WASHINGTON — It’s Monday, December 21, and more than a quarter of a million doses of the newly approved Moderna coronavirus vaccine are on their way to the DMV.
Maryland has said it expects to get around 100,000 doses of the vaccine – which was approved by the FDA for people 18 and older on Friday – and Virginia has ordered 146,400 doses of the vaccine. On Monday, Dr. Ankoor Shah, interim principal deputy director of DC Health, said the said was expecting to get 12,600 doses of the Moderna vaccine and 4,700 more doses of the Pfizer vaccine this week.
D.C. will also be getting more than 16,000 additional doses of vaccine through an agreement with Maryland and Virginia to help vaccinate DC health care workers who live in those states.
Shah said the District was allocated vaccine doses from the federal government based on its population, not on the size of its health care workforce, which has put it below where it needs to be.
“We are getting less than what we deserve, and that is a simple fact,” Shah said.
In case you’re just here for the numbers, here’s where the DMV stands today:
- D.C. reported 139 new cases of the coronavirus and 5 new deaths on Monday.
- Maryland reported 2,265 new cases and 23 new deaths from the coronavirus on Monday. The state is now averaging 46 deaths a day from COVID-19.
- Virginia reported 4,042 new cases and 4 new deaths from the coronavirus on Monday. The commonwealth has only reported more than 4,000 cases in a single day three times – all three this month.
How are things in the DMV?
While the seven-day average for new cases has declined slightly in D.C. and Maryland over the past two weeks (-4% and -16%, respectively), deaths are still way up across the DMV. D.C. is now averaging 3 deaths a day, Maryland is averaging 46 (up 48% from two weeks ago) and Virginia is averaging 34 (up 70% from two weeks ago).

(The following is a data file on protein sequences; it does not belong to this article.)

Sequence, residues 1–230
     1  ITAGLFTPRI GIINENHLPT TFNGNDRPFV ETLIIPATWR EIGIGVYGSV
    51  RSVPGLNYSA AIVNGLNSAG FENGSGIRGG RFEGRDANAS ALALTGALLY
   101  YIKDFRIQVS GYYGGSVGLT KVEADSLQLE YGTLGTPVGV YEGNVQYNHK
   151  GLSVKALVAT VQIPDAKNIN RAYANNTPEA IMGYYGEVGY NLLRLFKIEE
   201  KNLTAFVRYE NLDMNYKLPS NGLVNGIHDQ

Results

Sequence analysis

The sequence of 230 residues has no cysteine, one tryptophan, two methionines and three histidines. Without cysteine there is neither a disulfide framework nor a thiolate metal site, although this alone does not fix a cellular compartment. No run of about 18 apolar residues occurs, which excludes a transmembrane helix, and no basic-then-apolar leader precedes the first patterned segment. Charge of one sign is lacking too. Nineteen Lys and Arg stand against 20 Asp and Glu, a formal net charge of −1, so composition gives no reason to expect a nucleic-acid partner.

In D.C. Mayor Muriel Bowser has decided on a three-week “holiday pause” – to go into effect Wednesday – to try to slow the spread of the virus. The pause means indoor dining will be closed, outdoor dining structures must have two open sides, non-essential workers who can telework must do so, and new restrictions on retail and houses of worship.
Bowser said she targeted dining specifically because it has “pretty consistently… been cited as one of the sources” of new coronavirus cases. New exposure data DC Health began publishing last week shows more than 15% of new cases from Dec. 11-17 reported dining out in the two weeks prior to developing symptoms. Dining out ranks third, behind work (31%) and social events (22%).
That exposure data also shows how infection control adherence is becoming more lax – and, possibly, more difficult – as the pandemic stretches on. In July, for example, 56.7% of COVID cases who answered a contact tracing interview said they had attended an indoor event in the two weeks prior to developing symptoms. That number has been steadily rising as the pandemic has gone on and as the weather has gotten colder. As of last week, 91% of contact tracing respondents said they had attended an event that was at least partially indoors.